Naloxone

Naloxone

Last published: March 20, 2020

What is naloxone?

Naloxone hydrochloride (brand names Prenoxad, Nyxoid) is a drug that can temporarily reverse opioid overdose. It works by blocking opioid drugs, such as heroin and oxycodone, from attaching to opioid receptors in the brain.

How is it used?

Naloxone can be injected intramuscularly (into a muscle) or delivered by intranasal spray. It may be administered by medical professionals, such as paramedics, as well as family, friends, or bystanders in an emergency where someone is experiencing an overdose.

Best practice is to provide a person who might be administering naloxone with training. See the bottom of this page for information on where to find training providers

Effects of naloxone

The effects of naloxone are to temporarily block opioid receptors and prevent opioid drugs from working. Naloxone cannot be used to get high, so it has no potential for non-prescribed use.

There is no evidence that extended use of naloxone can cause harmful physical effects or dependence. People who take naloxone do not develop a tolerance to its effects and there have been no reported deaths from naloxone overdose.1, 2

Side effects

Most side effects from naloxone are mild. However, if someone is opioid-dependent and they are given a high dose of naloxone, it can bring on symptoms of opioid withdrawal2 such as:

  • nausea and vomiting
  • sweating
  • trembling
  • nervousness
  • fast pulse.2

In rare cases, even a person who is not opioid-dependent might experience:

  • an allergic reaction with symptoms such as swelling of the face, lips, tongue and throat, wheezy breathing, chest tightness, intense rash with itching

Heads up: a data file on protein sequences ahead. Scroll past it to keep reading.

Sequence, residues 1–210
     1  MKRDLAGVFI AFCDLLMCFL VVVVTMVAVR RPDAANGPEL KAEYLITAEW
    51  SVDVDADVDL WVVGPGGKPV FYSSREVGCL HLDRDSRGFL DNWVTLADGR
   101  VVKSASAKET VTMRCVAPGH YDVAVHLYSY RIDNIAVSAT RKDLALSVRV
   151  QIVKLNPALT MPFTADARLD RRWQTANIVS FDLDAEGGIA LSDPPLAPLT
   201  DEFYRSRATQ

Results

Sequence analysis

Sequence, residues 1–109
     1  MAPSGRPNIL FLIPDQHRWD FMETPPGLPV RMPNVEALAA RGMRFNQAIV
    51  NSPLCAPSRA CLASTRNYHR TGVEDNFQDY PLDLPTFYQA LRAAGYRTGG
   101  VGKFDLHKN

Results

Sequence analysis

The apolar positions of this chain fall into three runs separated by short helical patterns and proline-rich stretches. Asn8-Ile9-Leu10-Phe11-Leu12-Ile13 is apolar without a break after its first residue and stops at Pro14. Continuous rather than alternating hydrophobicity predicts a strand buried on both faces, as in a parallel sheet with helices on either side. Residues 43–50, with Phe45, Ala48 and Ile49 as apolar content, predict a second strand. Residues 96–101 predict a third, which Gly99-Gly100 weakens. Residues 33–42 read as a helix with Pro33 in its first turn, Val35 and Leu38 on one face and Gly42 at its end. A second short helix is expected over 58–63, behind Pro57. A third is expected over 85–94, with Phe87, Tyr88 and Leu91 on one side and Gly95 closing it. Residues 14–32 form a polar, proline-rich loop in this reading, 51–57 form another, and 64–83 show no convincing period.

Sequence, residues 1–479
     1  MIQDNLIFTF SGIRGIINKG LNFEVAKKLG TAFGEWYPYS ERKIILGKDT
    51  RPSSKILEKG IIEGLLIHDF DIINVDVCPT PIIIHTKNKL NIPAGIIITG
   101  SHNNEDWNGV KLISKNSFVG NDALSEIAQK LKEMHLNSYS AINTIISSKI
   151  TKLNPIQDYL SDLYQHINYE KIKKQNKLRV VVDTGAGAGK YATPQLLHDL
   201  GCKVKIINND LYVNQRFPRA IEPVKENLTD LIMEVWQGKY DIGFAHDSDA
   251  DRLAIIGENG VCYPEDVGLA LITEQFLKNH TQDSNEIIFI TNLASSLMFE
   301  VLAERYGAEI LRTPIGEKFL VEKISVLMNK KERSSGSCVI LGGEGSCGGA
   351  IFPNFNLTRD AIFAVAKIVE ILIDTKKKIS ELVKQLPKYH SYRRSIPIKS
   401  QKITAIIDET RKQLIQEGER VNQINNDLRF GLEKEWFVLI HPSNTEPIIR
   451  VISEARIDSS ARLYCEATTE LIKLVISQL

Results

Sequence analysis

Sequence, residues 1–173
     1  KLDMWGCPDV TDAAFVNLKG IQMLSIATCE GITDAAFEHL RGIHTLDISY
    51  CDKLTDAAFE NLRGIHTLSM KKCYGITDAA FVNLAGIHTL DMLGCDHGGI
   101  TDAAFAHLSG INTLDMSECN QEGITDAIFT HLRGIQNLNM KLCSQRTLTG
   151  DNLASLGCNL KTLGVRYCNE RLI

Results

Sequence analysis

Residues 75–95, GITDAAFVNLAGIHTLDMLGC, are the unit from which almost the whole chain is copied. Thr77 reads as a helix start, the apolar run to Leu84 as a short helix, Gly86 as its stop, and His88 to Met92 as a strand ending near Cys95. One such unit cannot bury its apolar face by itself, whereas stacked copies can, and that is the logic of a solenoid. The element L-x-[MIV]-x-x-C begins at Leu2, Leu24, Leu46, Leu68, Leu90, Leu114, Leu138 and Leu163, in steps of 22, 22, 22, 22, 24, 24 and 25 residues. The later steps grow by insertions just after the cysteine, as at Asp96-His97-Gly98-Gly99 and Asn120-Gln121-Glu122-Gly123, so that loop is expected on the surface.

• high blood pressure
  • irregular heartbeat
  • seizures.2

Naloxone and opioid overdose

People who have been revived with naloxone after overdosing on opioids may experience a strong urge to take more opioid drugs, especially if they are dependent.

Taking opioid drugs after naloxone is very dangerous. Naloxone only stays in the body for a short period of time (1 to 1.5 hours) whereas heroin and other opioid drugs stay in the body for much longer. The effects of sustained-release opioids like OxyContin® and MS Contin® can last for over 12 hours, so naloxone will wear off long before the opioid has left the system. This means that taking more opioids after taking naloxone could cause a second overdose.3

For information about naloxone training and accessibility in your state or territory, get in touch with peak harm minimisation bodies or check the Pennington Institute to find out what local service providers are delivering training.

Victoria

Western Australia

New South Wales

Queensland

Northern Territory

Australian Capital Territory

  1. Petty J, McNally S, Ryan J. Saving lives: Australian naloxone access model. Melbourne: Penington Insitute; 2018.
  2. Upfal J. Australian Drug Guide. 8th edition ed. Victoria: Griffin Press; 2016.
  3. Penington Institute. Overdose Basics Melbourne: Penington Institute; 2020 [cited 2020 March 12, ].

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Effects

allergic reaction, high blood pressure, intense rash, irregular heart beat, nausea, reverse opioid overdose, seizures, vomiting

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